Rare insight of SAS operations in AfghanistanAustralian SAS Units Function as Death Squads in Afghanistan

The good new just keeps on coming.


By James Cogan

December 11, 20008 “WSWS” — An Australian Defence Department (ADD) report published in October, and highlighted on November 26 by the Australian Broadcasting Corporation’s “Lateline” program, provides a rare account of the shameful operations being performed by the Australian military as part of the US-led occupation of Afghanistan.

The units most involved are from the Special Air Service Regiment (SAS) and the Fourth Battalion, Royal Australian Regiment (4RAR), the Army’s designated commando battalion. These are highly trained troops and their ostensible role in times of war is to carry out long range reconnaissance, surveillance, harassment or raids on enemy targets. In the so-called “war on terror”, they are being used as little more than death squads.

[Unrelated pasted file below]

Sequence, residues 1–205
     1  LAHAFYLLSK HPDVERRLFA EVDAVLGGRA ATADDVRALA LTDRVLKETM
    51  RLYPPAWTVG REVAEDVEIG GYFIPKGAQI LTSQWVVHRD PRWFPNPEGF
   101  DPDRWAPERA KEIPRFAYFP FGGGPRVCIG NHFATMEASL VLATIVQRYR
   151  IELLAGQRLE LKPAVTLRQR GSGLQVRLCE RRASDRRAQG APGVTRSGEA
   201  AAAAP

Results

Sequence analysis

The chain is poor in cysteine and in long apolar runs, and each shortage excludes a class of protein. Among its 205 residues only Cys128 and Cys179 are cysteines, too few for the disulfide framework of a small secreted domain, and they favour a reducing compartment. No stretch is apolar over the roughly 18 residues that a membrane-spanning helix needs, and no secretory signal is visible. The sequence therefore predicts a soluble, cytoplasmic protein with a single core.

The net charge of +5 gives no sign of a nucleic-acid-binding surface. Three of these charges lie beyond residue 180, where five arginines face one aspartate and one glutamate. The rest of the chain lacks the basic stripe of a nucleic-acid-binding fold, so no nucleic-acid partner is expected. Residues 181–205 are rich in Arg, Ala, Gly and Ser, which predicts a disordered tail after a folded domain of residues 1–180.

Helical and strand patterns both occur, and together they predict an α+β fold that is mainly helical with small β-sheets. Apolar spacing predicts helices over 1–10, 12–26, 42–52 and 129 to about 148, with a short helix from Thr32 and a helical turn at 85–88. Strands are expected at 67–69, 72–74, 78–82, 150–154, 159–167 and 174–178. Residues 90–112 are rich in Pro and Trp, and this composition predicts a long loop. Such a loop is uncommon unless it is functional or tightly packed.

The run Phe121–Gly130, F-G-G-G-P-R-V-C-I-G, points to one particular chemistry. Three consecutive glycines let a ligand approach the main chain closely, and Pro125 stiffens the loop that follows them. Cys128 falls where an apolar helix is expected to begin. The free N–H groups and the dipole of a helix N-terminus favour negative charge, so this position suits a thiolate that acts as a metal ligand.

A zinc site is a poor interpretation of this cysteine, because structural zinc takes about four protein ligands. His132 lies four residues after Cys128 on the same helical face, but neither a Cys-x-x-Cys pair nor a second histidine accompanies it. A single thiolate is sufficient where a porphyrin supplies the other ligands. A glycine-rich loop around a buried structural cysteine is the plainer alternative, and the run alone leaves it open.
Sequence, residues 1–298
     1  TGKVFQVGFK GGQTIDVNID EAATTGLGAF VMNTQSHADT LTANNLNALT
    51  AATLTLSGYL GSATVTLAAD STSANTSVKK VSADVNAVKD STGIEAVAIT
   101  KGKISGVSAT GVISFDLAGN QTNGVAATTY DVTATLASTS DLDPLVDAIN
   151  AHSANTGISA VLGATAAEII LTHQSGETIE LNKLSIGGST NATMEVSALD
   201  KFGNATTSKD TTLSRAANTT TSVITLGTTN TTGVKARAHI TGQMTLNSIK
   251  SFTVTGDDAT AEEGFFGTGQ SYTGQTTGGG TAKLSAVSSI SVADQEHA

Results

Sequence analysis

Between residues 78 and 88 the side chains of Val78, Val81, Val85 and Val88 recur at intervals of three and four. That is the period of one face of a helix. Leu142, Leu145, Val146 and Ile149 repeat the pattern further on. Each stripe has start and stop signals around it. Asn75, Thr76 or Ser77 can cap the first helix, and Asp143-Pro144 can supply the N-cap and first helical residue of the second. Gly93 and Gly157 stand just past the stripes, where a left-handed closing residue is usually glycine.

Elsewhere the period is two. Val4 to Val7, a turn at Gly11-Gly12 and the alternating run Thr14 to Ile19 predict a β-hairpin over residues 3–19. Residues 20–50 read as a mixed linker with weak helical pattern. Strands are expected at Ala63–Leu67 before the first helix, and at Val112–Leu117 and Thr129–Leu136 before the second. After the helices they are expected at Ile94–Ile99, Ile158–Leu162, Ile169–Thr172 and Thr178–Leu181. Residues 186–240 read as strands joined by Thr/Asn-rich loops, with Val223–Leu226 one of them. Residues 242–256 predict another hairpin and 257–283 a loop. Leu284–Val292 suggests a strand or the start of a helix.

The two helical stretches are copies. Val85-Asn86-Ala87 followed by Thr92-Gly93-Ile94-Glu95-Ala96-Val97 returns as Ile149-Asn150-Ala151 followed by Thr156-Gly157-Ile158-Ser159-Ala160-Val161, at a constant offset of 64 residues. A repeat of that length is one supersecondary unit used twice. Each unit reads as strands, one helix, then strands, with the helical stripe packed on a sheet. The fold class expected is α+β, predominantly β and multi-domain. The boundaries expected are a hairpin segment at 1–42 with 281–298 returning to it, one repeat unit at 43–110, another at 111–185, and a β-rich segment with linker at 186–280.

The ADD report presents the findings of an inquiry into a September 17 Australian operation that resulted in the mistaken killing of Rozi Khan, the pro-occupation governor of Chora district in Uruzgan province and a long-time colleague of Afghan president Hamid Karzai. The intended target, codenamed “Musket” by the Australian military, was an alleged member of the Islamist Taliban movement. While much of the mission statement remains censored, it is apparent that a squad was sent out to storm into the man’s house in the dead of night and execute him in cold blood.

The possibility for things to go wrong is inherent in such operations in civilian areas, and on September 17, they went terribly wrong. Just days before the hit on “Musket” was ordered, the Taliban had issued threats against residents of a village, which lay on the route being taking by the Australians. Rozi Khan had encouraged the villagers to resist any attack and promised to come to their aid with his armed followers.

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